Antibiotic resistance: what are the con­se­quences?


The overuse of antibiotics in medicine has led to more resistant bacteria. In the meantime, antibiotic resistance has now become a leading cause of death. How you can protect yourself and others.

Antibiotics: the miracle cure

About 80 years ago, penicillin, the first antibiotic, came onto the market, making it significantly easier to treat bacterial infections. Because antibiotic medication kills bacteria or stops their growth, commonly fatal infections such as pneumonia no longer posed the same danger.

The discovery of penicillin was one of the greatest advances in the history of medicine.
Dr Roger Vogelmann & Prof. Dr. med. Matthias Ebert

Resistant bacteria

However, antibiotics become obsolete as bacteria develop resistance. Resistant genes form part of bacteria’s natural defence systems and they existed long before human antibiotic therapy. But experts are now observing a rapid increase in resistant genes, especially in those germs that live in close contact with humans. Pathogens are also becoming increasingly multi-resistant, i.e. resistant to several antibiotics at once. This makes infections very difficult or even impossible to treat.

Resistance can have fatal consequences

If an infection isn’t treated properly, in many cases it will lead to death. Antibiotic resistance is now one of the leading causes of death worldwide. Scientists estimate that around 4.95 million deaths a year are linked to antibiotic-resistant bacteria. And it’s the inhabitants of poorer regions, especially sub-Saharan Africa, who are significantly more affected. In Switzerland, experts calculate that 300 people die each year due to resistant bacteria.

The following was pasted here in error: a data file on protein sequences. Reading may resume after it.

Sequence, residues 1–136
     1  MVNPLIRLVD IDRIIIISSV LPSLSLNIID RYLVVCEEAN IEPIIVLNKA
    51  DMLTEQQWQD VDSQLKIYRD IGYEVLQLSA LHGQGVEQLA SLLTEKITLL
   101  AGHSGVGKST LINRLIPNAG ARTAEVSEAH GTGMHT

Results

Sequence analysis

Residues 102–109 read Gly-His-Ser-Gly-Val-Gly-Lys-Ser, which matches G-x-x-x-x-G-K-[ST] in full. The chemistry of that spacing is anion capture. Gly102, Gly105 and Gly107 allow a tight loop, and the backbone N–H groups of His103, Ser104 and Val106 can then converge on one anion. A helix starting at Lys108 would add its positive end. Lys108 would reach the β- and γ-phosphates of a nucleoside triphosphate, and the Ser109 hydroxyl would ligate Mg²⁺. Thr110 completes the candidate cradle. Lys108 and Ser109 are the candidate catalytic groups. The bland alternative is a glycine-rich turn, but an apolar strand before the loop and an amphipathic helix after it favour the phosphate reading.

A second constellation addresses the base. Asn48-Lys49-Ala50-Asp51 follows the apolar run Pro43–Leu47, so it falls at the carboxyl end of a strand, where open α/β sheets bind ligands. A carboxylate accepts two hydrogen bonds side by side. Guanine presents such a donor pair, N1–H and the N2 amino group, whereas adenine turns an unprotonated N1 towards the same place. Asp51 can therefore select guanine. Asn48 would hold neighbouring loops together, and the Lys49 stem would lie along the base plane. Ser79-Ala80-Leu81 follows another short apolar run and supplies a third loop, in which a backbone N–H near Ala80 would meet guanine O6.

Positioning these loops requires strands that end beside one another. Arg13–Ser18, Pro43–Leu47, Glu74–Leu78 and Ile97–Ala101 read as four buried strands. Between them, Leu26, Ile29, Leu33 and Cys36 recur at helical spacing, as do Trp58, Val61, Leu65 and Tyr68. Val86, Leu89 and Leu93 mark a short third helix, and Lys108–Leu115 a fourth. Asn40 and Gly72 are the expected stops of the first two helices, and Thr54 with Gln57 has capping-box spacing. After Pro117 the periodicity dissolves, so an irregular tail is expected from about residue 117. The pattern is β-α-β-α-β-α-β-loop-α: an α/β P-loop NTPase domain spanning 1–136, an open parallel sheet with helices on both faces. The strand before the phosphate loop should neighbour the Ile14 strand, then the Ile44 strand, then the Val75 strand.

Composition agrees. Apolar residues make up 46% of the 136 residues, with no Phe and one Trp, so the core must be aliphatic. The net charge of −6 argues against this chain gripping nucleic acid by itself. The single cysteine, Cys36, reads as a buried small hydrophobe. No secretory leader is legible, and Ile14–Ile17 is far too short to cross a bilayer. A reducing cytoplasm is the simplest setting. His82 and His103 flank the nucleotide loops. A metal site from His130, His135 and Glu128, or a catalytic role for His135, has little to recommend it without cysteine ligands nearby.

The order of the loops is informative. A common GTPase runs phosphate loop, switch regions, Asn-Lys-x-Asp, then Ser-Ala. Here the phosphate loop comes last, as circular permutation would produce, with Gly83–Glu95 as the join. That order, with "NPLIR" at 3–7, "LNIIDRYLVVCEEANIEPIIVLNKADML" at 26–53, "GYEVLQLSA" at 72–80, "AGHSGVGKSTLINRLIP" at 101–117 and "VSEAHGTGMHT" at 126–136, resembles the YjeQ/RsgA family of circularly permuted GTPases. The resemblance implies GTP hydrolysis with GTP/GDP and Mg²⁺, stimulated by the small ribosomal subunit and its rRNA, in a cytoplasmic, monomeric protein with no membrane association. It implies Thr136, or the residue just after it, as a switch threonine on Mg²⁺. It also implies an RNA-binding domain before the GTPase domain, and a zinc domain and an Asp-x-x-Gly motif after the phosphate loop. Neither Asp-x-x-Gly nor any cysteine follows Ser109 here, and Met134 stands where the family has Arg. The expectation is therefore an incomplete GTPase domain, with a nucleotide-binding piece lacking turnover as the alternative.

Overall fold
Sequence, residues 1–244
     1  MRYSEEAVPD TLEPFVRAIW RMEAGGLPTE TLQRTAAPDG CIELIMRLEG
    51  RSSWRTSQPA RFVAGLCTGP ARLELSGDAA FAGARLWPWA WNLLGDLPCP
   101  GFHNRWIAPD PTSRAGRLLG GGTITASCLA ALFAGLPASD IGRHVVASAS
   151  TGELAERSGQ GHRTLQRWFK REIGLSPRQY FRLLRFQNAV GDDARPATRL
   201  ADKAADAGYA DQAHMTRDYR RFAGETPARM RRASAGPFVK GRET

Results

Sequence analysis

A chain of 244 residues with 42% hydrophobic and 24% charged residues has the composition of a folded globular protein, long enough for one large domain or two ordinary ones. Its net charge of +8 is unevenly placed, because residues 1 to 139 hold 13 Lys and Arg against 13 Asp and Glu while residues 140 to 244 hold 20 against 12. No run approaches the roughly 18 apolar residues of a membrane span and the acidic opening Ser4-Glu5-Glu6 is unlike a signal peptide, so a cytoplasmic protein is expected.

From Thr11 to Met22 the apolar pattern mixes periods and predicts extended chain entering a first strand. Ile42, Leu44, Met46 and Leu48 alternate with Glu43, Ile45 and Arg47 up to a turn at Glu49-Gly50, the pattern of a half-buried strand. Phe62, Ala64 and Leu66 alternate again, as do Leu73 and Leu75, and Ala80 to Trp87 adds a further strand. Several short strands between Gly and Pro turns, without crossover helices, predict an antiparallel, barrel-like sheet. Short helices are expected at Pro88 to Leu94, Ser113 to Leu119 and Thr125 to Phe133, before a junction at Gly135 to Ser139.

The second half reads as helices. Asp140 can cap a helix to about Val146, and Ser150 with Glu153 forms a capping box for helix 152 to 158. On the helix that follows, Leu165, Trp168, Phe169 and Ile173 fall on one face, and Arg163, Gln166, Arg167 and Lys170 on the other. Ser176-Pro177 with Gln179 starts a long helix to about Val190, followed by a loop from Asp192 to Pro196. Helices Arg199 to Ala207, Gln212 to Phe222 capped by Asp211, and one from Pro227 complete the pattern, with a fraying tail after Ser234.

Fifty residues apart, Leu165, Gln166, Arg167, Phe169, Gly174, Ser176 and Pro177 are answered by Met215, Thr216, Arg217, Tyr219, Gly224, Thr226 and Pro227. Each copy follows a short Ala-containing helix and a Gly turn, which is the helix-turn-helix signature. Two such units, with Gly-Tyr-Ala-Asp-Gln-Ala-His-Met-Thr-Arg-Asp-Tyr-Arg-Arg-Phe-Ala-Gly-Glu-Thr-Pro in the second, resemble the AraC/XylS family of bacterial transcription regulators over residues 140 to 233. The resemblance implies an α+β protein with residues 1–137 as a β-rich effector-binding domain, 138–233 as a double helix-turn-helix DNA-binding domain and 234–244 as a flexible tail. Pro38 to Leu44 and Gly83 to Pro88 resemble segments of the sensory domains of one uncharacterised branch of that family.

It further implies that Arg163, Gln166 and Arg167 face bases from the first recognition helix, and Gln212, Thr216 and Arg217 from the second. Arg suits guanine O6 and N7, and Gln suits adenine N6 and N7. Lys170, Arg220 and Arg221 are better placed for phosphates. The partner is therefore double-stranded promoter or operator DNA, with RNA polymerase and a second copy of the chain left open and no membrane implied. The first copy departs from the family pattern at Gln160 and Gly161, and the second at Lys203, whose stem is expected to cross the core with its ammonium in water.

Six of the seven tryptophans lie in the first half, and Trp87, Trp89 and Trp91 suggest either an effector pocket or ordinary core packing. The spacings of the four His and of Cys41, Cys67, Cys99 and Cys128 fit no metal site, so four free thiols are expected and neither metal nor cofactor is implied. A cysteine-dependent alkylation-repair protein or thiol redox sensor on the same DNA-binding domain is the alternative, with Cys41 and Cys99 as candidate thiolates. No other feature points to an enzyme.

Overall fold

Persons particularly at risk

People with immune deficiencies or implants are more likely to suffer from infections with bacteria that are almost impossible to treat. This is because the risk of a colonisation leading to infection is greater among these high-risk patients. When colonising, the bacteria are located on the skin or mucous membrane of the person and multiply. Infection and disease will occur as soon as the bacteria enter the human body.

Hospital infections

Immunodeficient people often spend more time in hospital environments. This means they have more contact with sick people, which increases their risk of coming into contact with resistant pathogens.  Doctors refer to this as hospital infections.

Where does antibiotic resistance come from?

The fact that ever more bacteria are becoming resistant to antibiotics is, to a large extent, self-inflicted. The Federal Office of Public Health (FOPH) warns that the medication is used too often and inappropriately. Especially before the discovery of antibiotic resistance, it was common in human medicine to prescribe antibiotics as a matter of course. The consumption of antibiotics is now dropping, but the issue is still problematic.

Use of antibiotics in animal farming